Consumers' concerns about privacy aren't academic -- they can have real consequences on our economy. Studies show that when consumers are concerned about their privacy, they limit their online economic and civic activities.
Sponsored content is showing no signs of slowing down but consumers' acceptance of it certainly could. If you take the necessary measures to follow legal guidelines while still allowing influencers to show their true selves in their content, both consumers and the FTC will be satisfied.
Wherever you are on the income scale, there's always a way to be generous to others in need without damaging your own budget. Generally, if money is tight, give your time. And if both time and money are tight, you can get creative. Consider these steps first.
"Don't be evil" was famously created at Google's founding by an engineer who wanted something so bold that it would be impossible for the company to back away from it. But it has haunted Google ever since.
The Internet has increased the risk of financial fraud for young and old consumers, but thieves still work by phone and mail. Monitor credit data and make sure loved ones know how to keep their financial data safe.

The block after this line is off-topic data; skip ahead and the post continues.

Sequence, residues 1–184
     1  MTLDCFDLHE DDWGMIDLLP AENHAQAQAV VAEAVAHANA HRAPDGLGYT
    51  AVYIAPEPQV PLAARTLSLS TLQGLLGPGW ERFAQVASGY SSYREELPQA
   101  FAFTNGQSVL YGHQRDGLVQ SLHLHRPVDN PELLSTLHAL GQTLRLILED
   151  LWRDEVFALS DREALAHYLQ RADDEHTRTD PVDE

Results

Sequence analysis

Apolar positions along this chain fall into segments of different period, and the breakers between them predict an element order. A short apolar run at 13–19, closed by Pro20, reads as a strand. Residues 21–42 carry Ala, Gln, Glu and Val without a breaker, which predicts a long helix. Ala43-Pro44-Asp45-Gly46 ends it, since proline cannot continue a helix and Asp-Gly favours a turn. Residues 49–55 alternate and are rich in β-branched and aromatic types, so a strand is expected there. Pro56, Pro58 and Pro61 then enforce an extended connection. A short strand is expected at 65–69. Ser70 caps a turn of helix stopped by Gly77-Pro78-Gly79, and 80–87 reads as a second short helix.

In the for-profit college field, it appears that what works are preppy-sounding family or village names, evoking Harvard, Princeton, Stanford, Amherst -- in other words, evoking exclusivity, nurturing, tradition, success, power.
Millions of Americans on the National Do Not Call Registry (donotcall.gov) complain they still receive unwanted calls from robocallers. Why? Because most robocalls are scams run by con artists who are only trying to trick you out of your money, and they simply ignore the law.
Who owns data? How should data privacy be defined and protected? And what is the potential for regulation to support or impede the growth of digital data businesses? Those were among the tough questions panelists grappled with at the Techonomy Policy 2015 event last week.
Even a magic golden plunger is no match for "flushable" wet wipes. Plungers long ago gave way to workers wielding pitchforks in the battle against sewers filled with giant, clinging balls of waste known as used wet wipes. And we are paying the price.
As the FTC takes a look at the sharing economy, they need to think through what it would mean for our broader economy, and they need to think about the danger of creating the Wild, Wild West in certain marketplaces.
When a company with an overwhelming dominance of search and search adverting is locking rivals out of so much of the marketplace, it seems that the FTC commissioners should at least discuss why this isn't a problem.